Brazilian Jiu Jitzu, Muay Thai Kickboxing, and Greco-Roman Wrestling are three of the core/most apparently effective styles.

As for *Conditioning:

1) ATP-CP System: High energy or explosive movements without oxygen (lasts about 10 seconds)

2) Anaerobic System: High energy or explosive movements without oxygen (usually lasts about 2 minutes)

3) Aerobic System: Low energy over long term using oxygen (15 minutes or more)

Let’s say you’re the one attempting to take-down your opponent(s) for 5 minutes. When you shoot in for a take-down, whether it’s a single leg, double leg, or other, this requires the ATP-CP system.

Now your fighting to pick your opponent up, switching from a single to a double or visa versa, pausing for a quick second, exploding again to take your opponent down, but he’s both strong and has great take-down defense. This requires the anaerobic system.

You finally get your opponent down, and the next opponent is fresh and ready to defend (or a real mma fight example, your opponent immediately pops back up and you’re starting over). After several rounds of this, you begin to tap into the aerobic system.

Here’s the point…

Why? Because you really haven’t done squat yet to develop your ATP-CP energy system, or any muscular conditioning.

Every time you attempt to pick your opponent up and he stuffs you and stays standing, that few seconds of explosive energy takes a toll not only on your heart and lungs, but now your body needs to provide oxygen to all of your muscles involved in that movement as well.

And since you haven’t developed this type of conditioning yet, your muscles aren’t going to be properly trained for this, thus wear out quickly and leave you gasping for air and your arms and legs feeling like noodles.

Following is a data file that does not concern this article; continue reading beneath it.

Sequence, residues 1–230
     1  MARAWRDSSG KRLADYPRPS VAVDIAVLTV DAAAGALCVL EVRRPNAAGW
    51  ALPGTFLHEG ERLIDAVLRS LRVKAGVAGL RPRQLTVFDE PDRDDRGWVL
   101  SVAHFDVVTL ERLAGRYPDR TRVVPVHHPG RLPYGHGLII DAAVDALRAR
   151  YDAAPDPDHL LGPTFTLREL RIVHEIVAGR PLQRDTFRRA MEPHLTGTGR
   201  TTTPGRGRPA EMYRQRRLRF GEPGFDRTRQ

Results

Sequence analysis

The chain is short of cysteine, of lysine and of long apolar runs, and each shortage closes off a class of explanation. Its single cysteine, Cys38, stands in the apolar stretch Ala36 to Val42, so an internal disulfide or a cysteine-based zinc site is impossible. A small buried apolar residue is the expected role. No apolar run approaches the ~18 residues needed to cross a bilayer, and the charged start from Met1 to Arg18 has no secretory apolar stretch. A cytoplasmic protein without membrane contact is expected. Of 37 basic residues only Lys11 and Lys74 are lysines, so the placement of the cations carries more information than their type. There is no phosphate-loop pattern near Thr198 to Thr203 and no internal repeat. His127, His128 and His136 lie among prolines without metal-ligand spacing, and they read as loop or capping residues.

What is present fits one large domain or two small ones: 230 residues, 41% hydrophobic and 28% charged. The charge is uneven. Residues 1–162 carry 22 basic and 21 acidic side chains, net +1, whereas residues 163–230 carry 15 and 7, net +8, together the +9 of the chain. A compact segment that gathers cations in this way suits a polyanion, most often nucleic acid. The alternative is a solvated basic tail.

The wall drill is only one example of why you need to develop these three energy systems. In any MMA fight, you also need to take into account striking battles, defending take-downs, grappling scrambles and other movements that require a mix and match of all these different energy systems.


As you can guess by now, a good mma conditioning workout must focus on developing all three of these types of energy systems. If you lack conditioning in just one of these, then you’re still gonna gas out in any one of these scenarios no matter how well developed any one of the other energy systems are.

So if you’re just following a standard general fitness workout, or even worse, a conventional bodybuilding workout with a few random cardio exercises thrown in, you’re not fully preparing yourself for the type of gas tank you need to go the distance in a grueling mma battle.

If you don’t have the proper conditioning in ALL THREE of these energy systems, you’re gassing out one way or another.

In terms of how this article relates to Traditional Kung fu, we can see how the modern sport science is applied to training. The effectiveness of it all is now set on a public stage (The Octagon)

*Accordingly: If you don’t have the proper conditioning in ALL THREE of these energy systems, you’re gassing out one way or another.


Thursday, January 26, 2012

八極拳 - The Fist of Eight Extremes/Limits

Baji Quan / 八極拳

A tv clip featuring Liu Yun Chiao, Baji Quan Grandmaster.